My next point is about girls. How are we, as a sport, so poor at attracting girls. We have a sport that evens out the sexes entirely until the elite levels. Women play in the top divisions of the local leagues and are often better than the men. Yet, we have such a poor female attendance in my area. They don't seem to be interested in it or even consider it. Sadly, that is a failing of the whole sport. Campaigns akin to the successful "this girl can" should be run. If women's football can find success then why can't table tennis find tons of female participants, in a sport that doesn't even require the label of being a "women's" sport? It is just a sport, for everyone. A good illustration is in my early blogs when my girlfriend could beat me. If she wasn't wedded to her horse, I am sure she would of been playing with me and probably would still be beating me now!
In conjunction, it is also a great "couples sport". Along the same lines as female participation, both of you can improve at the same rate, the sport requires a minimum of two people, it is fantastically sociable and once again I have never heard anyone or any institution mention it. An example of this are the couple that run my league club as well as a couple who have joined the club and basically spend their time playing each other, but they are playing in the league together. I really feel this could be expanded upon.
It isn't all negative though. The sport is wonderful in so many ways. As much as coaching might be lacking the effort people put in is remarkable. People are so dedicated to their clubs. They are genuinely trying to make a good environment for their members. My league club, doesn't have any qualified coaches but there are 3 or 4 people who literally spend every Sunday morning helping the kids. It isn't perfect but in the circumstances it is quite remarkable. The individuals concerned rarely get to play table tennis themselves in the morning and are instead trying to keep 30 12 year old's entertained. The people in general make a huge difference and, as much as I have criticised their insular nature, they are all very sweet and have a genuine care and affection for the game. There is love for the sport that is commonly found in minority sports. Nobody is there for the glory, half of them aren't even playing to win, they are just playing for love and once they realise you love it to they embrace you into their weird and wonderful family.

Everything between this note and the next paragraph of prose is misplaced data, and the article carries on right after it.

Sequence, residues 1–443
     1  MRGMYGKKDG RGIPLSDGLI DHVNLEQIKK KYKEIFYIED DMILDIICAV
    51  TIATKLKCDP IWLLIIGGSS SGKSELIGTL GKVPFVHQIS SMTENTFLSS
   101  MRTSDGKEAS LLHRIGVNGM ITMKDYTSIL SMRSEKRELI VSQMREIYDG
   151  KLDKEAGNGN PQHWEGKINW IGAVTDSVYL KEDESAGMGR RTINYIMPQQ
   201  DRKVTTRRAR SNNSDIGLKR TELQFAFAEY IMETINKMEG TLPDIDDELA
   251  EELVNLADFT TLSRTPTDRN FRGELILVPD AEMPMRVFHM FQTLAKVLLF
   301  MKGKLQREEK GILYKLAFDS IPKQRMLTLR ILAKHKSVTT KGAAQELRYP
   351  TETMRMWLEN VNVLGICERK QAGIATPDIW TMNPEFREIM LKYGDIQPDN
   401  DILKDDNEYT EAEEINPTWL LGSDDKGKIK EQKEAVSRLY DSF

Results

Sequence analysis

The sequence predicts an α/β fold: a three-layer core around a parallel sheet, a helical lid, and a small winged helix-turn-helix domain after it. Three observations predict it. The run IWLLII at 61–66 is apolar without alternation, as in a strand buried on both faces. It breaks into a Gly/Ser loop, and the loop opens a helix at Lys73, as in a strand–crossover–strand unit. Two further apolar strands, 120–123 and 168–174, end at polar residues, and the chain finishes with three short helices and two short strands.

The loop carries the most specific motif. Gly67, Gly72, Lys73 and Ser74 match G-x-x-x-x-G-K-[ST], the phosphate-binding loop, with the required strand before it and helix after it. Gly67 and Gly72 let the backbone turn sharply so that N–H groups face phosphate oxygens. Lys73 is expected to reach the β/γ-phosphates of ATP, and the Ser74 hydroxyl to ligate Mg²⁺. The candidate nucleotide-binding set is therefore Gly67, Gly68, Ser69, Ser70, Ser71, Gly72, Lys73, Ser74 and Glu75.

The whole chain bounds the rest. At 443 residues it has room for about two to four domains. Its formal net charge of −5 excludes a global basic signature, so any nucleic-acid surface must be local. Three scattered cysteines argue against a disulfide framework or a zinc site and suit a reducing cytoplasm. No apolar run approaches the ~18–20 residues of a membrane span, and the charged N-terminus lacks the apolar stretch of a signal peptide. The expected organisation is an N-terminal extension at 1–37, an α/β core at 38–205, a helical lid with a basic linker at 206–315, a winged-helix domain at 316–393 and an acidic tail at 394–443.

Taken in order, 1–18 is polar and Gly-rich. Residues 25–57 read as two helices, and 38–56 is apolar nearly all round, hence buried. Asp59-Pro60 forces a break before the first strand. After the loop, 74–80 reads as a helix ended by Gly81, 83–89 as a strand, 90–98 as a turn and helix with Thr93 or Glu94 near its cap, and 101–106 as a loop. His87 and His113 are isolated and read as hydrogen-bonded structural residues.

There is a fantastic social aspect to the game. If we look at the amount of bars and pubs installing table tennis tables (or completely dedicating their bar to table tennis) it highlights how social the sport is. It often brings people who aren't necessarily 'sporty' into an environment where they feel comfortable and can achieve. This is great if it can be harnessed in the right way.
I feel like this post is a summary of table tennis' near misses. It has so much going for it. It is the sport that is dressed up like a game. It is the exact opposite of darts (game dressed up as a sport) and requires a skill quota that is almost off the charts. It is so much fun and many people have embraced this as they go to their local bars or find their local clubs. However, to take this sport to the next level in my area and, perhaps, the UK as a whole, it needs an amalgamation of these things. A seamless network where a guy who 'likes' ping pong can be a guy who 'plays' table tennis can be a guy who is 'coached' as an athlete and, finally, can become a high level player. That transition is too problematic at the moment and, until it is fixed, it will be a sport that never fulfils its true potential.